But with no actual connection to the company, would-be travelers often end up giving away their information to third parties who only want to steal their identities. They will then use a target's friend list to find more potential targets.
How to Avoid: Travelers who run into a fake Facebook page online travel scam should first and foremost report it to Facebook for removal. Afterward, those same travelers can look up other means to travel for a discount.
Fake Flight Confirmation Emails
One of the newest travel scams to target travelers is disconnected from social media but instead targets your inbox. The "Confirm Your Flight" online travel scam reaches out to you through your inbox.
How It Works: Days or weeks before a trip, travelers may receive an e-mail that appears to be from an airline. In the e-mail, the "airline" may say that the traveler has not yet confirmed their ticket and must go to a website to log in to confirm their travel.
When they click on the link, the traveler is guided to an official-looking site, where they may be asked to confirm their itinerary and passenger name record (PNR) or sign in through their frequent flyer account. Once a traveler does this, they have everything they need to go in and steal frequent flyer miles or hijack a ticket entirely.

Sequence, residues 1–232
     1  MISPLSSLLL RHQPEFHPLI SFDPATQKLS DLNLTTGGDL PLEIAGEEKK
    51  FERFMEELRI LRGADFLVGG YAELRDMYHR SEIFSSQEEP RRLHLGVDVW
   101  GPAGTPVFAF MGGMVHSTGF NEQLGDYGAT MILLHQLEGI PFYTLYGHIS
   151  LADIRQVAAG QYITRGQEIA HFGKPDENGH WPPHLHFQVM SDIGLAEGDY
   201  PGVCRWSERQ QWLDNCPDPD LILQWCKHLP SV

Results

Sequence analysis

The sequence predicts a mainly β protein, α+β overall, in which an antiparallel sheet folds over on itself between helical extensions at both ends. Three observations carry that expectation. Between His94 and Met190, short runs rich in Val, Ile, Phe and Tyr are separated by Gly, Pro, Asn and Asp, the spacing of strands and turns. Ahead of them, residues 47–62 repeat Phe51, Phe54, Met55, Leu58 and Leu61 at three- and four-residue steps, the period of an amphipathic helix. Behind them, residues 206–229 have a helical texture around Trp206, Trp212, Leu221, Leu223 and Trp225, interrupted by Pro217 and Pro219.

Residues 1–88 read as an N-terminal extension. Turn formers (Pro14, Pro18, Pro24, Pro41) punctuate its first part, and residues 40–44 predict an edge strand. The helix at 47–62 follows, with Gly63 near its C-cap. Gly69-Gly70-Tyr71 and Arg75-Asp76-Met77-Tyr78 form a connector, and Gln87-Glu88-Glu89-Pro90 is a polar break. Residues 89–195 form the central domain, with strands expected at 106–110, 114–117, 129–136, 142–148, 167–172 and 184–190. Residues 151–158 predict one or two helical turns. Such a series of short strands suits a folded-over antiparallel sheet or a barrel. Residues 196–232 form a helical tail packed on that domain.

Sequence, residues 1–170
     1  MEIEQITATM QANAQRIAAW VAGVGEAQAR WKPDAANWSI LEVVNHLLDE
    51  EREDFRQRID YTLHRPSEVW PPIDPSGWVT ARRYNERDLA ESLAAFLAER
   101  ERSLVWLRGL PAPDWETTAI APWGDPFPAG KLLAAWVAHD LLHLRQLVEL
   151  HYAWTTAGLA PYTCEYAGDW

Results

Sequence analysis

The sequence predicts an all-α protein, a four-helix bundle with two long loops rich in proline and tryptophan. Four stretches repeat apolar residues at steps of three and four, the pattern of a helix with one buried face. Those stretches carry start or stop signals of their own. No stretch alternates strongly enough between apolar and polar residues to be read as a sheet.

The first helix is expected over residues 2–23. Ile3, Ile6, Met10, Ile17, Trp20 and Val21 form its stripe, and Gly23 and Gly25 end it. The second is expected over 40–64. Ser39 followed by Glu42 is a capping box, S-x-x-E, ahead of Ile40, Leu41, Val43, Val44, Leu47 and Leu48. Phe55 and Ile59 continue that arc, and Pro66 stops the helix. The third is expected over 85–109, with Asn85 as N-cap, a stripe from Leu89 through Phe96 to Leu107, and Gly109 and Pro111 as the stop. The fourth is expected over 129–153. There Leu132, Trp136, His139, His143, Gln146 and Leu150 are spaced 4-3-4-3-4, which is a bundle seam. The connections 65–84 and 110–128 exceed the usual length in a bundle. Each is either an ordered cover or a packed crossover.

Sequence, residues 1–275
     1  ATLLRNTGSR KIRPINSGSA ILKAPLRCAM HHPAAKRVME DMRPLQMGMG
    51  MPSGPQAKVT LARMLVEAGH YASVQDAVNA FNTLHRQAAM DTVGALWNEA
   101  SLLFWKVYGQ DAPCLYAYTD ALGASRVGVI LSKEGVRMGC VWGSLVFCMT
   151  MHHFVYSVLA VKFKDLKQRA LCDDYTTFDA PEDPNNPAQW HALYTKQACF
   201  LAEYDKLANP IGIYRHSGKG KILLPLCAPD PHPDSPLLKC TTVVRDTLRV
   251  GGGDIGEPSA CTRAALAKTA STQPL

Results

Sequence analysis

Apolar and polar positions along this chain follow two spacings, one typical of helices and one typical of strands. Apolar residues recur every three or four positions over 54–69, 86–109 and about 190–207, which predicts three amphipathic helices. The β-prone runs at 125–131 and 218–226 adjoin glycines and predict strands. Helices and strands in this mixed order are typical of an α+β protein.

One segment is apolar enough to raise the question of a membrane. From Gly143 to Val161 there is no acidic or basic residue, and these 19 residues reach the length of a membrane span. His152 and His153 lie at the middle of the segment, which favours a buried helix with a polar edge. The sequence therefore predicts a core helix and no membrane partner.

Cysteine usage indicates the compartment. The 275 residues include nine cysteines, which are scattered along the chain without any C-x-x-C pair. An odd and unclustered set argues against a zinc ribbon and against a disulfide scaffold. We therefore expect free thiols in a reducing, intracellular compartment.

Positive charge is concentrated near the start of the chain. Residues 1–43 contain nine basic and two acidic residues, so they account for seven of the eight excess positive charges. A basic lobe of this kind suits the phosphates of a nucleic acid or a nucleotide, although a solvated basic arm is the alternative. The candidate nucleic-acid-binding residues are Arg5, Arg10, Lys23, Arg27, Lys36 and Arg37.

Who It Targets: This scam often targets anyone with a frequent flyer account or may be preparing for a flight. While some attacks are more random than others, those who have posted travel plans on social media may be targeted.
Scam artists are targeting one of two pieces of information: either the travel PNR or the frequent flyer account information. Those who have the PNR potentially steal critical items of a traveler's identity, including full name, address, and passport number, which can cause complications. Those looking to steal frequent flyer accounts often steal points and miles from the unknowing traveler, which can be later redeemed in someone else's name.
How to Avoid: Anyone who receives one of these e-mails should not click on the link or provide any information. Instead, they should first contact their airline to ensure tickets have not yet been compromised.
Second, be sure to change your password on your frequent flyer account, to make sure your information is kept safe and sound. By changing passwords immediately, you can make sure your personal information or miles don't go anywhere.
Craigslist and Airbnb Scams
With the continued prevalence of the sharing economy, more travelers are turning to room rentals through Airbnb, VRBO, and other similar platforms. For the majority of international travelers, these offer a great alternative to expensive hotels that are always overbooked.